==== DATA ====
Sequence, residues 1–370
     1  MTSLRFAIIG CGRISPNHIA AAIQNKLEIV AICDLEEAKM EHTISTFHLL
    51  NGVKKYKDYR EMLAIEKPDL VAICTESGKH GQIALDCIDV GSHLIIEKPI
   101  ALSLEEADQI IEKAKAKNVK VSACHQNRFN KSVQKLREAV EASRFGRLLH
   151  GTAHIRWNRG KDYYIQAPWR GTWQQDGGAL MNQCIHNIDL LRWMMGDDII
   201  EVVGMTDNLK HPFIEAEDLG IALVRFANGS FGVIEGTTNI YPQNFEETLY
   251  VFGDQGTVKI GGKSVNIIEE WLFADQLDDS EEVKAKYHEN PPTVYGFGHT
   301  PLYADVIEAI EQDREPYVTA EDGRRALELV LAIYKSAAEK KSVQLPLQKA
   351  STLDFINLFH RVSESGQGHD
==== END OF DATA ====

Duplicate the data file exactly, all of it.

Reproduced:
Sequence, residues 1–370
     1  MTSLRFAIIG CGRISPNHIA AAIQNKLEIV AICDLEEAKM EHTISTFHLL
    51  NGVKKYKDYR EMLAIEKPDL VAICTESGKH GQIALDCIDV GSHLIIEKPI
   101  ALSLEEADQI IEKAKAKNVK VSACHQNRFN KSVQKLREAV EASRFGRLLH
   151  GTAHIRWNRG KDYYIQAPWR GTWQQDGGAL MNQCIHNIDL LRWMMGDDII
   201  EVVGMTDNLK HPFIEAEDLG IALVRFANGS FGVIEGTTNI YPQNFEETLY
   251  VFGDQGTVKI GGKSVNIIEE WLFADQLDDS EEVKAKYHEN PPTVYGFGHT
   301  PLYADVIEAI EQDREPYVTA EDGRRALELV LAIYKSAAEK KSVQLPLQKA
   351  STLDFINLFH RVSESGQGHD